The best Japanese AAA gun of World War II, whose characteristics can only be described as "superb." Their only fault was a rather short service life, the result of high muzzle velocity and a fast rate of fire. In 1945, most new production mounts were diverted to shore-based installations.

The original concept design in 1933 had a 70 caliber barrel, but this was reduced to 65 calibers in the prototype and production units. This reduction was apparently based upon trials with an experimental 14 cm/80 gun in January 1933 and the success of the 15.5 cm/60 Type 3. There were two versions of the 10 cm gun barrel. Model Type I was radially expanded with a removable liner while the Model Type I2 was of radially expanded monobloc construction. Both types had breech rings and a horizontal sliding breech-block. Spring-operated, semi-automatic rammers, which were cocked by the recoil force, were mounted above the guns. These allowed the guns to be loaded at any angle of elevation, an important factor for any AA weapon.

A total of 169 guns were completed between 1940 and 1944 with 68 used in land mountings. All were in twin mounts.

Two mountings were removed from the destroyer Natsuzuki at the end of the war and sent to the USA for examination. Other surviving ships that were used as reparation transports had all weapons removed.

A new 10 cm (3.9") Type 5 (Model 1945) gun was under design at the end of the war, but no guns are known to have been completed. It was intended that this gun would be a replacement for the 12 cm (4.7") 10th Year Type used on escort vessels.

Gun Characteristics

Designation 10 cm/65 (3.9") Type 98 (Model 1938)
Official Designation: 65 caliber Type 98 10 cm Gun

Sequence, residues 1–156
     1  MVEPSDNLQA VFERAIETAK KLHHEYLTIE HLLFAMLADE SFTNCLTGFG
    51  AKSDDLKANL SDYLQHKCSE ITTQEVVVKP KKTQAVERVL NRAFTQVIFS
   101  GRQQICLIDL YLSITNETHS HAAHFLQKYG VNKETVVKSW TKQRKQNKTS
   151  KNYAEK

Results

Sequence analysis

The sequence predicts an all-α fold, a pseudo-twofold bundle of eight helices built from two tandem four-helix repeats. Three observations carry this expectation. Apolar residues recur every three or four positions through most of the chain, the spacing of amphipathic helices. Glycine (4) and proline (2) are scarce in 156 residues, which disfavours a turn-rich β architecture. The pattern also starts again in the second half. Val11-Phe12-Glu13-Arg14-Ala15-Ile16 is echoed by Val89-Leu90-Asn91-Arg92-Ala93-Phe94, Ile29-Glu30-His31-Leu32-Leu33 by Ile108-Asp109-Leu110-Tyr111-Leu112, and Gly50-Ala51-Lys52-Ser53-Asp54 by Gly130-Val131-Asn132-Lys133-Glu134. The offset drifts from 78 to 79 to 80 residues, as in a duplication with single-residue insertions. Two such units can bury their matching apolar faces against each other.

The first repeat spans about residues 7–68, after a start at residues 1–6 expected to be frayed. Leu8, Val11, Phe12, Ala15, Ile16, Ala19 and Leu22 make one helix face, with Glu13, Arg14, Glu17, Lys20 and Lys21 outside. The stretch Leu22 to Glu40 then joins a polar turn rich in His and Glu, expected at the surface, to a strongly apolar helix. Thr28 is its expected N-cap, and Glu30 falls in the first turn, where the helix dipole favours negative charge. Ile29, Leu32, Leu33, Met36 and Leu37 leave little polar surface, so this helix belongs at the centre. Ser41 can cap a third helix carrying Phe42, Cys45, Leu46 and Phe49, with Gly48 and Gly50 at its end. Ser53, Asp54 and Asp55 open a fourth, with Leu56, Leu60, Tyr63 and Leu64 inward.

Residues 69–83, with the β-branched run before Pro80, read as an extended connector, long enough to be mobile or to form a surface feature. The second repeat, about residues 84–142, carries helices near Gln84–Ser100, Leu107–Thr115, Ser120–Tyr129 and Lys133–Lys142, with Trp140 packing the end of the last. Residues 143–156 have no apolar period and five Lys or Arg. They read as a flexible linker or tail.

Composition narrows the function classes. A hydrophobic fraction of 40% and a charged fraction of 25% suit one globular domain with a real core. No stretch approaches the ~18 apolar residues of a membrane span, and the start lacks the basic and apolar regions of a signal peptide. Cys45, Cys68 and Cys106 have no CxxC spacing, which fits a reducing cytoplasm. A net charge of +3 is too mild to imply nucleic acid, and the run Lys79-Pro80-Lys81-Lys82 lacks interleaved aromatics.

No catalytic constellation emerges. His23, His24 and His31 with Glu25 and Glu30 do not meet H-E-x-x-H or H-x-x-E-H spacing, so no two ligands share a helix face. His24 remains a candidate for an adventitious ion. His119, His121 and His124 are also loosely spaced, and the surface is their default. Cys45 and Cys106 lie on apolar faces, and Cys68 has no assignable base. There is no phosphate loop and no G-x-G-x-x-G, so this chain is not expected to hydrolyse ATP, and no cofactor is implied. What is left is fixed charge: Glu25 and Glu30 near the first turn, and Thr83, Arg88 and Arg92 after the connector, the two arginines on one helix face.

Ship Class Used On Akitzuki, Oyodo, Taiho, Shinano and B-65 classes
Date Of Design 1937 1
Date In Service 1942
Gun Weight 6,731 lbs. (3,053 kg)
Gun Length oa 265.0 in (6.730 m)
Bore Length 255.9 in (6.500 m)
Rifling Length 221.7 in (5.631 m)
Grooves (32) 0.49 in deep x 0.219 in (1.25 mm x 5.565 mm)
Lands 0.167 in (4.252 mm)
Twist Uniform RH 1 in 28
Chamber Volume 641 in3 (10.5 dm3)
Rate Of Fire 15 - 19 rounds per minute 2
  • ^The gun design started in December 1935 and was finished in April 1937. Firing trials began in 1938.
  • ^Some sources claim a ROF of 20 to 21 rounds per minute, apparently because the hoists could supply rounds at that rate, but Akitzuki crewmen reported that 19 rounds per minute was very difficult to achieve and that 15 was more typical.


Type Fixed
Weight of Complete Round HE Type 0 - 62.2 lbs. (28.2 kg) 1a
Projectile Types and Weights 2a HE Type 0 3a - 28.67 lbs. (13.0 kg)
Bursting Charge 2.1 lbs. (0.95 kg)
Projectile Length 16.3 in (41.3 cm)
Complete Round - 45.8 in (116.3 cm)
Propellant Charge 12.9 lbs. (5.83 kg) 30 DC (?)
Cartridge - 33 lbs. (15 kg)
Muzzle Velocity 3,281 fps (1,000 mps)
Working Pressure 19.4 tons/in2 (3,050 kg/cm2)
Approximate Barrel Life 350 - 400 rounds
Ammunition stowage per gun Taiho and Shinano: about 400 rounds
Oyodo: 200 rounds
Akitzuki: 300 rounds
  • ^A Note on Sources: Total round weight varies from 59.9 lbs. (27.15 kg) to 64.5 lbs. (29.235 kg) in various sources. This may have been due to variations in the cartridge casings. The value used above is from "Akizuki-Class Destroyers."
  • ^It is interesting to note that, unlike most other Japanese naval guns, apparently no type of ammunition other than time-fuzed HE was ever developed for this gun. This emphasizes that it was solely intended for use as an AA weapon. Practice shells were provided for training purposes.
  • ^Common Type 0 HE was supplied with Type 98 time fuzes for AA defense. US Naval Technical Mission to Japan report O-19 says that this round had an effective radius of 14.88 yards (14 m) but this seems to be optimistic.
  • Projectile travel (new gun) was 226.4 in (575.0 cm).


Range of HE projectiles
Elevation Range
45 degrees 21,325 yards (19,500 m)
AA Ceiling @ 90 degrees 40,325 feet (14,700 m)

Effective surface range is given as 15,310 yards (14,000 m) and effective AA range as 12,030 yards (11,000 m).

Mount/Turret Data

Designation Twin Mounts 1b
   Akitzuki (4) 2b: Model A
   Oyodo (4) 3b: Model A1 4b
   Taiho (6): Model A2
   Shinano (8) and B-64 (8): Model A3
Weight 76,060 lbs. (34,500 kg)
Elevation -10 / +90 degrees
Elevation Rate 16 degrees per second
Train Oyodo, Taiho and B-64: About +/-70 degrees

Akitzuki: -150 / +150 degrees

Train Rate 11 - 16 degrees per second
Gun recoil Minimum 16.1 in, nominal 19.3 in, maximum 19.7 in (41 cm, 49 cm and 50 cm)
Loading Angle Any